# Job Consumers

Message consumers are intended to be used similarly to web controllers. Consumer instances are meant to live for a relatively short time, usually the time it takes to consume a single message. There are, however, scenarios where the processing initiated by a message takes a long time (like, maybe more than a couple of minutes). Instead of waiting for the processing to complete, preventing subsequent message consumption, job consumers are created and run outside of the message transport (but still initiated by a message).

A job consumer is a specialized consumer type designed to execute jobs, and is defined by implementing the IJobConsumer<T> interface where T is the job message type. Job consumers are typically used for long-running tasks, such as converting a video file, but can be used for any task. To use job consumers, Conductor, which is a set of managed services included with MassTransit, must be configured.

New and Improved

Job Consumers replace Turnout, a previous feature of MassTransit, which was poorly supported and very limited. While Turnout is now deprecated, job consumers offer a much better developer experience and are better integrated.

# IJobConsumer

namespace MassTransit.JobService
{
    using System.Threading.Tasks;


    /// <summary>
    /// Defines a message consumer which runs a job asynchronously, without waiting, which is monitored by Conductor
    /// services, to monitor the job, limit concurrency, etc.
    /// </summary>
    /// <typeparam name="TJob">The job message type</typeparam>
    public interface IJobConsumer<in TJob> :
        IConsumer
        where TJob : class
    {
        Task Run(JobContext<TJob> context);
    }
}

# Configuration

The example below configures a job consumer on a receive endpoint named using an IEndpointNameFormatter passing the consumer type.

namespace JobSystem.Jobs
{
    using System;

    public interface ConvertVideo
    {
        Guid VideoId { get; }
        string Format { get; }
    }
}

namespace JobSystemConsoleService
{
    using System;
    using System.Threading.Tasks;
    using JobSystem.Jobs;
    using MassTransit;
    using MassTransit.Conductor;
    using MassTransit.JobService;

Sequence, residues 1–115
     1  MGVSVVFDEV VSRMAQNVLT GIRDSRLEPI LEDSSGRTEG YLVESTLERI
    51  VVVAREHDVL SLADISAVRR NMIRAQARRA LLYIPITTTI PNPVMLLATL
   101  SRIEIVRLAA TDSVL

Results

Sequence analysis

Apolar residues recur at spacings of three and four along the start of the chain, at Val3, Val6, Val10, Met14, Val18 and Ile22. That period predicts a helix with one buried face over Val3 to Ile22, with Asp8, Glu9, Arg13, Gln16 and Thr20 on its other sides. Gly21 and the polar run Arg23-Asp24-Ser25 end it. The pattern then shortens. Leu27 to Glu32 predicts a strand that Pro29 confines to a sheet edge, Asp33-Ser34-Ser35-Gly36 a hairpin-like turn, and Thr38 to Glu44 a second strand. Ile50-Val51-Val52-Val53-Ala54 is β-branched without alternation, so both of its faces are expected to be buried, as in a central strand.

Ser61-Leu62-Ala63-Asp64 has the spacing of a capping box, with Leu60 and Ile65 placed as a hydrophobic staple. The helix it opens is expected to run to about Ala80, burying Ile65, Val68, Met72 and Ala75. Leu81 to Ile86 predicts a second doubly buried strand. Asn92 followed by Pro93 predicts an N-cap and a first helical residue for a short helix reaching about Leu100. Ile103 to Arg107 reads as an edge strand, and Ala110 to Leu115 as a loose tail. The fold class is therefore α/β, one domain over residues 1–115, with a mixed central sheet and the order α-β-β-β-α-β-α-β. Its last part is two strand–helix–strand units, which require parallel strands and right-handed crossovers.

public class Program
    {
        public static async Task Main()
        {
            var busControl = Bus.Factory.CreateUsingRabbitMq(cfg =>
            {
                var options = new ServiceInstanceOptions()
                    .EnableInstanceEndpoint();

                cfg.ServiceInstance(options, instance =>
                {
                    instance.ConfigureJobServiceEndpoints();

                    var queueName = instance.EndpointNameFormatter.Consumer<ConvertVideoJobConsumer>();

                    instance.ReceiveEndpoint(queueName, e =>
                    {
                        e.Consumer(() => new ConvertVideoJobConsumer(), c =>
                        {
                            c.Options<JobOptions<ConvertVideo>>(options => options
                                .SetJobTimeout(TimeSpan.FromMinutes(15))
                                .SetConcurrentJobLimit(10));
                        });
                    });
                });
            });
        }

        public class ConvertVideoJobConsumer :
            IJobConsumer<ConvertVideo>
        {
            public async Task Run(JobContext<ConvertVideo> context)
            {
                // simulate converting the video
                await Task.Delay(TimeSpan.FromMinutes(3));
            }
        }
    }
}

In this example, the job timeout as well as the number of concurrent jobs allowed is specified using JobOptions<T> when configuring the consumer. The job options can also be specified using a consumer definition in the same way.

# Client

To submit jobs to the job consumer, use the service client to create a request client as shown, and send the request. The JobId is assigned the RequestId value.

namespace JobSystemClient
{
    using System;
    using System.Threading;
    using System.Threading.Tasks;
    using JobSystem.Jobs;
    using MassTransit;
    using MassTransit.Contracts.JobService;

    public class Program
    {
        public static async Task Main()
        {
            var busControl = Bus.Factory.CreateUsingRabbitMq();

            var source = new CancellationTokenSource(TimeSpan.FromSeconds(10));

            await busControl.StartAsync(source.Token);
            try
            {
                var serviceClient = busControl.CreateServiceClient();

                var requestClient = serviceClient.CreateRequestClient<ConvertVideo>();

                do
                {
                    string value = await Task.Run(() =>
                    {
                        Console.WriteLine("Enter video format (or quit to exit)");
                        Console.Write("> ");
                        return Console.ReadLine();
                    });

                    if("quit".Equals(value, StringComparison.OrdinalIgnoreCase))
                        break;

                    var response = await requestClient.GetResponse<JobSubmissionAccepted>(new
                    {
                        VideoId = NewId.NextGuid(),
                        Format = value
                    });
                }
                while (true);
            }
            finally
            {
                await busControl.StopAsync();
            }
        }
    }
}

# Supporting Endpoints

When the job service endpoints are configured, a set of saga state machines are configured used to track job execution across multiple service instances. This ensure that each job execution is tracked, faults are observed, and retry attempts are scheduled.

Conductor is used to manage the service instance, including the service instance endpoint. Each service instance has its own endpoint which is used to communicate with the job consumers executing on that instance.